Book by: Arthur Laurents
Composer: Leonard Bernstein
Lyrics/Libretto by: Stephen Sondheim
Venue: The PACE Center, 20000 Pikes Peak Ave., Parker, CO
Running Time: 2 hours, 30 minutes (includes 15 minute intermission).
Date of Performance: Friday, July 17, 2015. (Opening Night)
West Side Story is a legendary musical with perhaps the most daunting lineup of theater talent ever; William Shakespeare’s Romeo & Juliet inspired the play, Leonard Bernstein wrote the music, and Stephen Sondheim penned the lyrics. It’s difficult to imagine a more formidable list of talent. It’s the theater version of an imaginary 1960’s concert with legends like Jimi Hendrix, Janis Joplin, and Jim Morrison.
The musical sets Shakespeare’s tragedy in a gritty 1950’s New York City neighborhood, where warring gangs (the Sharks and the Jets) carve out their turf on a daily basis. There is a racial component; the Jets are anglos, the Sharks are Puerto Ricans. Tony and Maria are the contemporary lovers that Shakespeare created as Romeo and Juliet in 1595. The tragedy then, and the tragedy now, more than 400 years later, is that a “forbidden” love ends badly. Those “forbidden” issues have changed since 1595, but we are all well aware of the current issues surrounding controversial love and marriage.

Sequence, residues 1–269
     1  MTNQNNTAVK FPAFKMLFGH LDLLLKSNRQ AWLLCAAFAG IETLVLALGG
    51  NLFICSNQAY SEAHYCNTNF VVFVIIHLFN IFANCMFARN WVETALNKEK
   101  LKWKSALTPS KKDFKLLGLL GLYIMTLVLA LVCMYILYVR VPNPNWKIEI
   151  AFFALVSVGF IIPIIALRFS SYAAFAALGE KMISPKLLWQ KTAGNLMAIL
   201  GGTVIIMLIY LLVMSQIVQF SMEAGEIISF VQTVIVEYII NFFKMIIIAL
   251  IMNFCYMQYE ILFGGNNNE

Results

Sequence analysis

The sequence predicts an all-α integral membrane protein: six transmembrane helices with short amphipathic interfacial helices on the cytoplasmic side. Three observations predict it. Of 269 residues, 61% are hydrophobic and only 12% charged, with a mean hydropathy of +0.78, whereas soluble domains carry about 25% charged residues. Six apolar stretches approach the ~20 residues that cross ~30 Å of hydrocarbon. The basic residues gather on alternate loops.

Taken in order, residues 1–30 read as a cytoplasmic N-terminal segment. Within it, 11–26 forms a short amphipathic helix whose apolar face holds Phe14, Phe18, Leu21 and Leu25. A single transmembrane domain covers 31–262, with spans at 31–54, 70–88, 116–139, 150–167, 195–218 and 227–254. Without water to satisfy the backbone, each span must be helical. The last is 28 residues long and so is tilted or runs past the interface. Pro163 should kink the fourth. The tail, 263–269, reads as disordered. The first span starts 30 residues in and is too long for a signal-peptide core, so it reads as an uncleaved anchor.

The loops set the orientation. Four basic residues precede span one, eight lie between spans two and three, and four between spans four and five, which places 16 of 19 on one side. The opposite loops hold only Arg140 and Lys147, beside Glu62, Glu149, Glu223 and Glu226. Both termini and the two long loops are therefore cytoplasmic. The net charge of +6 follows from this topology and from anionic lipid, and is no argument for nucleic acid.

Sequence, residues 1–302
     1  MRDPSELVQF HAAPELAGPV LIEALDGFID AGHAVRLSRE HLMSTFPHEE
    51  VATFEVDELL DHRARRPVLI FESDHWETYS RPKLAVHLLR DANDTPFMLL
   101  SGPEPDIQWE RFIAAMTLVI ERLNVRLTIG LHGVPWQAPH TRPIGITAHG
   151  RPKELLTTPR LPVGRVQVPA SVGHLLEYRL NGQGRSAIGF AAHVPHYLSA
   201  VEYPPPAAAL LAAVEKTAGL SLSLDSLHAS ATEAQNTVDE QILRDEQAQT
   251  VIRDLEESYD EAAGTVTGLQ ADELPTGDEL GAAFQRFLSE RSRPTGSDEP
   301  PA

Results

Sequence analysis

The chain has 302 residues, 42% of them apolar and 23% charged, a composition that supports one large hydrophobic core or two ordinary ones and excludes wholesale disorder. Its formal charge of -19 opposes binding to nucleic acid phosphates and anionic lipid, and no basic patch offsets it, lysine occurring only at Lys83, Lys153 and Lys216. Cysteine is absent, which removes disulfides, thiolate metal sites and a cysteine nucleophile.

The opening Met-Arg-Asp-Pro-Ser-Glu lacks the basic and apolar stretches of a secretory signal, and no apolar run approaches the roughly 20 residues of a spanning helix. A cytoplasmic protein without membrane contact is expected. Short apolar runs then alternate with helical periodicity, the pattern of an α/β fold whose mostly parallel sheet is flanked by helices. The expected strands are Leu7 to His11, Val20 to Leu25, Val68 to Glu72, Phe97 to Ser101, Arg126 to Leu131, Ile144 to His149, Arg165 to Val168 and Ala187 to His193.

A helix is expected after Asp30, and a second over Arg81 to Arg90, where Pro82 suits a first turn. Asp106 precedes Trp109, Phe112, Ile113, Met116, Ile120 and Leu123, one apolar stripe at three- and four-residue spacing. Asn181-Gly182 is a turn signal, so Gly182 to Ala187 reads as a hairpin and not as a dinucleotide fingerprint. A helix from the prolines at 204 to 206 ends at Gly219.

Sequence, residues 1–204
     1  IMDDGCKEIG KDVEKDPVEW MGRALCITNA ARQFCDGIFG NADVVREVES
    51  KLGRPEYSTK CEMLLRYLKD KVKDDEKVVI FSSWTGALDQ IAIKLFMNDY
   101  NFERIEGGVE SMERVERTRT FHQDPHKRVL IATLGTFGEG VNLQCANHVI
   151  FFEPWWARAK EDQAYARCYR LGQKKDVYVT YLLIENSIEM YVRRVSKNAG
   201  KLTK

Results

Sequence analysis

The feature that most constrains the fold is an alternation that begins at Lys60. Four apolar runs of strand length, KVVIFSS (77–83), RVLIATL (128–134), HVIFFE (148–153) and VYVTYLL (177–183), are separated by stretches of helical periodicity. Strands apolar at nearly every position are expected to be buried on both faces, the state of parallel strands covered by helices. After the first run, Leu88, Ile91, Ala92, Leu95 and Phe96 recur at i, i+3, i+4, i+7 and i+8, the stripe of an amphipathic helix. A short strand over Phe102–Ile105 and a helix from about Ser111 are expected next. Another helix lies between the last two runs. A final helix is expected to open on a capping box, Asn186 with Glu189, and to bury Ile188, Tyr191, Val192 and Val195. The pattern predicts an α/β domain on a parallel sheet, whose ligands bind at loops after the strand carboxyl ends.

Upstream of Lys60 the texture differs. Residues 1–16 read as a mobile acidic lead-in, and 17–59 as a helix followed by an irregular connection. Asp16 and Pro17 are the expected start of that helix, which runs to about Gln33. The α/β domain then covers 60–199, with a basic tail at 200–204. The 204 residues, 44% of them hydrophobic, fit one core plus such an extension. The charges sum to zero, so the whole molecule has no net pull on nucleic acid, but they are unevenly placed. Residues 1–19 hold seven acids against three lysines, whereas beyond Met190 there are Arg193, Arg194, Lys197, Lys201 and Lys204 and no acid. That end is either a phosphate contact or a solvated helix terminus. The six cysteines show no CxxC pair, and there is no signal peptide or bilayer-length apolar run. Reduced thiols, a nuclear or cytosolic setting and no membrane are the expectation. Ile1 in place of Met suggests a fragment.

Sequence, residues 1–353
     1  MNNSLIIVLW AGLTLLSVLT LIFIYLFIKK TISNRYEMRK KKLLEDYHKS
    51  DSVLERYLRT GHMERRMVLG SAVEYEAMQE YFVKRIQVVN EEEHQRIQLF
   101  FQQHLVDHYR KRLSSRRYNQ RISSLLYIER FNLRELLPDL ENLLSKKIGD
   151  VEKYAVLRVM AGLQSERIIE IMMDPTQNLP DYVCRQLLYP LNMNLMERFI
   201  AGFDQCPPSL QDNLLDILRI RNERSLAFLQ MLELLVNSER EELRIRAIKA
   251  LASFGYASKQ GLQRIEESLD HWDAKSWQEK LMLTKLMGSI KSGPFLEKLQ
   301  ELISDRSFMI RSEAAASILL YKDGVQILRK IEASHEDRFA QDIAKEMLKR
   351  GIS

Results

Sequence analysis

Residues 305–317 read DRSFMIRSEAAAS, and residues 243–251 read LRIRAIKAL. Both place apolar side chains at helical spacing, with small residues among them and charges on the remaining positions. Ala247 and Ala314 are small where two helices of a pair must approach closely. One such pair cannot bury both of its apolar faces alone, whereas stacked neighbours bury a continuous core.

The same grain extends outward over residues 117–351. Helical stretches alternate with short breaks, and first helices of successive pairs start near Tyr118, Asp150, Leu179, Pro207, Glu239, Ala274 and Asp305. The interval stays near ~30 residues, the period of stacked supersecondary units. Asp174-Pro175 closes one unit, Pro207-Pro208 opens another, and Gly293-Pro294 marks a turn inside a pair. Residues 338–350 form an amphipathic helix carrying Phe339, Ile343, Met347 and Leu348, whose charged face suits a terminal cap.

The PACE/Inspire Creative has delivered a powerful West Side Story, beginning in the very first scene. The clanging, banging clamor of steel on steel grips the audience before the first lines are spoken. Director Ralph Neumann got our attention with that initial burst of noise, and he didn’t let go for two and a half hours. Neumann has a huge cast; one’s second impression, after the clatter of the opening scene, is that this West Side Story is big. Very BIG. The PACE Center main stage is large, and Neumann has filled it with talent, color, action, and music.
|Darien Raymond (Maria), Senhica Klee (Tony).|
West Side Story is perhaps one of the best musicals every written, with music reminding us of opera, and dancing that includes Latin moves, ballet, and modern dance. PACE/Inspire Creative have no fear of taking on the challenge, and with the leads (Darien Raymond as Maria and Senhica Klee as Tony) have stunningly beautiful voices. Klee’s classical opera training is obvious; his tenor solos are hypnotic. Raymond’s vocals are as clear and true as a tuning fork. When Klee and Raymond combine for a duet, the result is tangible vocal magic.